"Most people who smoke them wind up getting the same amount of the killing components in tobacco smoke," Fiore tells WebMD. "People who smoke light cigarettes are dying of lung cancer, stroke, heart attack, and emphysema every day."
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Similarly, cigarettes labeled "natural" or "organic" are no safer than ordinary cigarettes. "You don't need to add anything to tobacco for it to kill you," Fiore says.
Myth: I've smoked for so long; the damage is already done.
The damage caused by smoking is cumulative, and the longer a person smokes, the greater his/her risk for life-threatening ailments. But quitting smoking at any age brings health benefits.
"Your health will improve even if you quit at 70," says Norman H. Edelman, MD, chief medical officer of the American Lung Association.
The benefits of quitting start the day you stop. "Within a month, you will feel like you have more air, because you do," Fiore says. "Within a year, your risk of having a heart attack will be cut by 50%."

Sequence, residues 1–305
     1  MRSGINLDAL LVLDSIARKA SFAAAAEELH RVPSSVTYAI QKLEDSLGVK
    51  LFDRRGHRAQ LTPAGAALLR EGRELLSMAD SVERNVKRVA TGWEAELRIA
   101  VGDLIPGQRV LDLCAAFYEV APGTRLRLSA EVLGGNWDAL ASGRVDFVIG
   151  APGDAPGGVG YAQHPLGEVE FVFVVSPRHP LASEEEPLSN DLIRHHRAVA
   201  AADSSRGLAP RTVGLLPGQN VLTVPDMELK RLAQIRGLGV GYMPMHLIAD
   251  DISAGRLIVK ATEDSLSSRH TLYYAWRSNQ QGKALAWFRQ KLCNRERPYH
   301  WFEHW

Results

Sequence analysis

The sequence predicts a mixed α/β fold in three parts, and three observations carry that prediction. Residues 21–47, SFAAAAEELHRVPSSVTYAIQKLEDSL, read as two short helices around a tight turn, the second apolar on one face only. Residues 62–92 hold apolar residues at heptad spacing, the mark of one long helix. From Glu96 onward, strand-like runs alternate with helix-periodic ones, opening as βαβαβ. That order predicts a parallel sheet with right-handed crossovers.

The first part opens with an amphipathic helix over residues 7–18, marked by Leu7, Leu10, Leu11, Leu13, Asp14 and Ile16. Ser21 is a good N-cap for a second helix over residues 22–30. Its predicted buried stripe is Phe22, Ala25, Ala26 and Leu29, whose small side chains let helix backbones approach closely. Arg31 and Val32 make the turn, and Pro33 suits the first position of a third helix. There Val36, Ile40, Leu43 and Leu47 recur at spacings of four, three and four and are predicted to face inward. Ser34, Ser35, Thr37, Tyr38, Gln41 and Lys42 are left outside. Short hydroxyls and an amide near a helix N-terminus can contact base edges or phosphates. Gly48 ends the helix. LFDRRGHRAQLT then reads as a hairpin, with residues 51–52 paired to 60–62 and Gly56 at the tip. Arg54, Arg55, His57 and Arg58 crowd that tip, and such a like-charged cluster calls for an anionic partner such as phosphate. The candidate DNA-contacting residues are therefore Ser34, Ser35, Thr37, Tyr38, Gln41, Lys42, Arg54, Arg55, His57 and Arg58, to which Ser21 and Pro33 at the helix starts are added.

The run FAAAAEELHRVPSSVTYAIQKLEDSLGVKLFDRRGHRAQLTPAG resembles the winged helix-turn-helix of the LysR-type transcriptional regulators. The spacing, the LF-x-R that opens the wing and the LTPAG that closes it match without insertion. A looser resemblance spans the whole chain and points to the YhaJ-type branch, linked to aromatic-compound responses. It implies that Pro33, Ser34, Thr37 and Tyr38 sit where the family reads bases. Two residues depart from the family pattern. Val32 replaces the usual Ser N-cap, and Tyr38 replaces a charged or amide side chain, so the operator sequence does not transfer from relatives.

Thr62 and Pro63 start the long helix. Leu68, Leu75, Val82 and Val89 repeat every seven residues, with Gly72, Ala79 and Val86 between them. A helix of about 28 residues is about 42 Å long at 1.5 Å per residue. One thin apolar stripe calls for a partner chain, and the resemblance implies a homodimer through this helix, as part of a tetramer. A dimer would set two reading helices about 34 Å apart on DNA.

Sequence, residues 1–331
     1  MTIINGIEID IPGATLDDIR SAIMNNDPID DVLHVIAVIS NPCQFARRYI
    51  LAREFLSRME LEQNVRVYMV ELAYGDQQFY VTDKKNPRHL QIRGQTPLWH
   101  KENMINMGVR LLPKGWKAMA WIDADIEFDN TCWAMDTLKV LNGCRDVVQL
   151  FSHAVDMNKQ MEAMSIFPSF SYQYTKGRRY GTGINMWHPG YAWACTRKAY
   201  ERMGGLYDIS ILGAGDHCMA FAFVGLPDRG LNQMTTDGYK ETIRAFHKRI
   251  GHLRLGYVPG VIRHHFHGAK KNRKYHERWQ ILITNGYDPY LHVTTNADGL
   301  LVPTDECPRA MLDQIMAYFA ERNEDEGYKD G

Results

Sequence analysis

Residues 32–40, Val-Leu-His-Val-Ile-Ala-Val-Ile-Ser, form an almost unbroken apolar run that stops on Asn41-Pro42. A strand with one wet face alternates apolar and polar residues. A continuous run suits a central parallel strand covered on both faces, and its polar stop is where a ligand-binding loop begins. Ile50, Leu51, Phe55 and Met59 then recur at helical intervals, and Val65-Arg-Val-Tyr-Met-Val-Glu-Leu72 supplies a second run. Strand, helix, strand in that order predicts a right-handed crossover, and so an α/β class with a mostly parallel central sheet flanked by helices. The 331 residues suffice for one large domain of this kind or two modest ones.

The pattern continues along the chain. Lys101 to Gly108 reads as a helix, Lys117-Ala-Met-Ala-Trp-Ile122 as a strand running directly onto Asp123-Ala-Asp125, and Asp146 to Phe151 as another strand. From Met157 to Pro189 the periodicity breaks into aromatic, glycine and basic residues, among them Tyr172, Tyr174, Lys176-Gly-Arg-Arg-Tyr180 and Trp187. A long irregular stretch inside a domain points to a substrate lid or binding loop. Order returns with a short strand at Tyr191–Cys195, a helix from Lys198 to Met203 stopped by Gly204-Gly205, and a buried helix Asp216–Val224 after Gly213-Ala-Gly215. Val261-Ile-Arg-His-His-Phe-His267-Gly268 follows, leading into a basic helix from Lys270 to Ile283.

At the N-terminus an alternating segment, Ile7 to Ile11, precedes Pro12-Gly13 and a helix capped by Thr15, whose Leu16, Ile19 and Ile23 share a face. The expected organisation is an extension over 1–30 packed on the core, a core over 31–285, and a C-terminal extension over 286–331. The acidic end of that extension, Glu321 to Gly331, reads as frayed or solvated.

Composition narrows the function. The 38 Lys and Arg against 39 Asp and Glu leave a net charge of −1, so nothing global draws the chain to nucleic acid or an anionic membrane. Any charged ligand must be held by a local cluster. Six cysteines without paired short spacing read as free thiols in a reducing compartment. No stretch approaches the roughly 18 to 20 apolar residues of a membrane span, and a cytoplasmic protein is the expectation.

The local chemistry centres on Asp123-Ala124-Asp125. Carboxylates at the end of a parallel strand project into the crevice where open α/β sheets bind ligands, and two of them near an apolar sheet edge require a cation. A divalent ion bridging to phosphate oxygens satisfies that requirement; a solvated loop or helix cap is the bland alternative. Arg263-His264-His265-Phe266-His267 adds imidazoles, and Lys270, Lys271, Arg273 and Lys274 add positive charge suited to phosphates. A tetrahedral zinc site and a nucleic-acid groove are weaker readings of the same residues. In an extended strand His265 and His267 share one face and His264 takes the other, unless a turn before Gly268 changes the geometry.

According to the American Cancer Society, smokers who quit before age 35 prevent 90% of the risk of health problems from smoking. A smoker who quits before age 50 halves his/her risk of dying within the next 15 years compared to someone who continues to smoke.
Myth: Trying to quit smoking will stress me out -- and that's unhealthy.
True, tobacco withdrawal is stressful. But there's no evidence that the stress has negative long-term effects.
In fact, research shows that smokers who quit begin eating better, exercising more, and feeling better about themselves. "They're in a better mental place," Fiore says. "So many smokers today hate the fact that they are addicted, and that they are taking money out of the family budget and putting it toward deadly cigarettes."